Posted by: Bill Hornbeck | July 8, 2015

“Hate evil, love good, And establish justice …!”

Today’s devotion comes from 1 Kings Chapter 15.  Here is a link to this chapter – https://www.biblegateway.com/passage/?search=1+Kings+15&version=NASB

I quote only the following verses.

“8 And Abijam slept with his fathers and they buried him in the city of David; and Asa his son became king in his place.

9 So in the twentieth year of Jeroboam the king of Israel, Asa began to reign as king of Judah.  10 He reigned forty-one years in Jerusalem; and his mother’s name was Maacah the daughter of Abishalom.  11 Asa did what was right in the sight of the Lord, like David his father.  12 He also put away the male cult prostitutes from the land and removed all the idols which his fathers had made.  13 He also removed Maacah his mother from being queen mother, because she had made a horrid image as an Asherah;  and Asa cut down her horrid image and burned it at the brook Kidron.  14 But the high places were not taken away; nevertheless the heart of Asa was wholly devoted to the Lord all his days.  15 He brought into the house of the Lord the dedicated things of his father and his own dedicated things:  silver and gold and utensils.”  1 Kings 15:8-15.

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Although certainly not perfect, Asa was better than most kings and seems like an oasis in a listing of kings of both Israel and Judah in 1 Kings Chapter 15 who did evil.  For example, we read about Nadab, one of the kings over Israel.  “He did evil in the sight of the Lord, and walked in the way of his father and in his sin which he made Israel sin.”  Verse 26.

We noticed what Asa did to do “what was right in the sight of the Lord”.  Asa removed idols and people in authority (Maacah his mother from being queen mother) who did the evil.

The following Scriptures also urge us to hate evil and gives us examples of how we hate evil and what God does for us.

“4 I do not sit with deceitful men,
Nor will I go with pretenders.
5 I hate the assembly of evildoers,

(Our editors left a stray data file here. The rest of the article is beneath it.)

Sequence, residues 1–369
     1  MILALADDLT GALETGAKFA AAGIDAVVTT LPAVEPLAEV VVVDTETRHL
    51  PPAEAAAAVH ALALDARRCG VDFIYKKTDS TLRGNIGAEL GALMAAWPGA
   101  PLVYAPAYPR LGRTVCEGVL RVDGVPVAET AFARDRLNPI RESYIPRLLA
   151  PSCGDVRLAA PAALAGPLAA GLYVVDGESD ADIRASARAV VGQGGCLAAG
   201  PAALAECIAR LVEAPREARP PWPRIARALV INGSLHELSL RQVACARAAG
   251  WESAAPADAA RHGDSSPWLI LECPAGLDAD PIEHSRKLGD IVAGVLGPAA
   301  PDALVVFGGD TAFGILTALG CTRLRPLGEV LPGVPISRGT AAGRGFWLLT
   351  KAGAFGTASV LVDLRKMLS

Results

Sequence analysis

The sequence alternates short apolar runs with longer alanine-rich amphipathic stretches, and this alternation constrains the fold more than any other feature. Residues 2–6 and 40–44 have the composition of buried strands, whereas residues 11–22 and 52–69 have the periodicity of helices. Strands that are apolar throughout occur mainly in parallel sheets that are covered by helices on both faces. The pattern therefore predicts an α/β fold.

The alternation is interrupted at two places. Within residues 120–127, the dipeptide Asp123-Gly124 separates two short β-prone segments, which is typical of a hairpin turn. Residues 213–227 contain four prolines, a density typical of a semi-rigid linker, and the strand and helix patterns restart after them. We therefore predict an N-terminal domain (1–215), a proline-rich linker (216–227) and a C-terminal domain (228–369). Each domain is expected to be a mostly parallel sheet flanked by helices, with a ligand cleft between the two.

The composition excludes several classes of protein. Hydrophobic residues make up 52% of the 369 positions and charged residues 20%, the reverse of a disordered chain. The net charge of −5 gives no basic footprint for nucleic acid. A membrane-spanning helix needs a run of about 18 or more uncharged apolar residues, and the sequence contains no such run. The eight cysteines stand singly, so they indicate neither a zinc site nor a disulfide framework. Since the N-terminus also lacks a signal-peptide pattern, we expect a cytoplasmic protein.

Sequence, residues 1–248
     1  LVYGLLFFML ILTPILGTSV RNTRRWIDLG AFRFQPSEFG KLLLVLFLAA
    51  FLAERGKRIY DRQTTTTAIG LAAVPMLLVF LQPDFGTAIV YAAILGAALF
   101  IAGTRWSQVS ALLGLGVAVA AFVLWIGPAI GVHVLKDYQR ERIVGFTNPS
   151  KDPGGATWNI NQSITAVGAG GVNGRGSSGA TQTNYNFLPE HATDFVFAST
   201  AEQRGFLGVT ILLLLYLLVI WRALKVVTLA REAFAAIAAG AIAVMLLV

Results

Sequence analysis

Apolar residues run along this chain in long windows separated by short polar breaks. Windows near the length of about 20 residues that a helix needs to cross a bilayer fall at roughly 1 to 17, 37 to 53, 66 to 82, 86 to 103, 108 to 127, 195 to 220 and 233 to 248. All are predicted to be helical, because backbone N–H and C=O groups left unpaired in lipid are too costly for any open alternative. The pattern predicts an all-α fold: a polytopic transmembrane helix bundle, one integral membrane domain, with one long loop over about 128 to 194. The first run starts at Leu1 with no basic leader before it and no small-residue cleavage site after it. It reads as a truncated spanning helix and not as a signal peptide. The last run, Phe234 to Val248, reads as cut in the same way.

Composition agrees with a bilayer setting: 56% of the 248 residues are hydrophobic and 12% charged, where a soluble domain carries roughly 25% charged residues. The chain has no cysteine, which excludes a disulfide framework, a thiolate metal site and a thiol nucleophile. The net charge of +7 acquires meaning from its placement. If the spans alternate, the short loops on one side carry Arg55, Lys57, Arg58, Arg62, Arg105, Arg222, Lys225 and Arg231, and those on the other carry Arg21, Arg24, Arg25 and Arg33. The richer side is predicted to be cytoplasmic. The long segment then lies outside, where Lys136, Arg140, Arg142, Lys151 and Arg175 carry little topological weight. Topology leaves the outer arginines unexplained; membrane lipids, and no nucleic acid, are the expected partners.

And I will not sit with the wicked.
6 I shall wash my hands in innocence,
And I will go about Your altar, O Lord,
7 That I may proclaim with the voice of thanksgiving
And declare all Your wonders.”  Psalm 26:4-7.

We notice that we do not associate with evildoers.  Instead, we associate with Christians and go to church.  We declare God’s wonders.

“Hate evil, you who love the Lord,
Who preserves the souls of His godly ones;
He delivers them from the hand of the wicked.”  Psalm 97:10.

God preserves our souls and delivers us from the hand of the wicked.

“The fear of the Lord is to hate evil;
Pride and arrogance and the evil way
And the perverted mouth, I hate.”  Proverbs 8:13.

Pride, arrogance, and the perverted mouth are, so to speak, the tip of the iceberg of evil that we see, and we rise in opposition against those things when we see them.

Hate evil, love good,
And establish justice in the gate!
Perhaps the Lord God of hosts
May be gracious to the remnant of Joseph.”  Amos 5:15.

Not only to we hate evil, we love good.  We see that Asa not only removed idols and people in authority who did the evil, he did good.  “He brought into the house of the Lord the dedicated things of his father and his own dedicated things:  silver and gold and utensils.”  Verse 15.

And, we establish justice.  Too often, we think of only God’s lovingkindness and mercy.  But, God is also a God of justice who executes punishment upon the wicked.  What would we think of an earthly judge who refused to punish anyone and let all the criminals go free?!    

In today’s Scripture, we see God’s justice in fulfilling His Word against Jeroboam.  “It came about as soon as he (Baasha) was king (of Israel), he struck down all the household of Jeroboam.  He did not leave to Jeroboam any persons alive, until he had destroyed them, according to the word of the Lord, which He spoke by His servant Ahijah the Shilonite, and because of the sins of Jeroboam which he sinned, and which he made Israel sin, because of his provocation with which he provoked the Lord God of Israel to anger.”  Verses 29-30.

In conclusion, in the words “Perhaps the Lord God of hosts May be gracious to the remnant of Joseph.”, there is the hope that as we do these things (hate evil, do good, and establish justice) we become more and more aware of God’s grace:  God is working within us and we are part of God’s elect.

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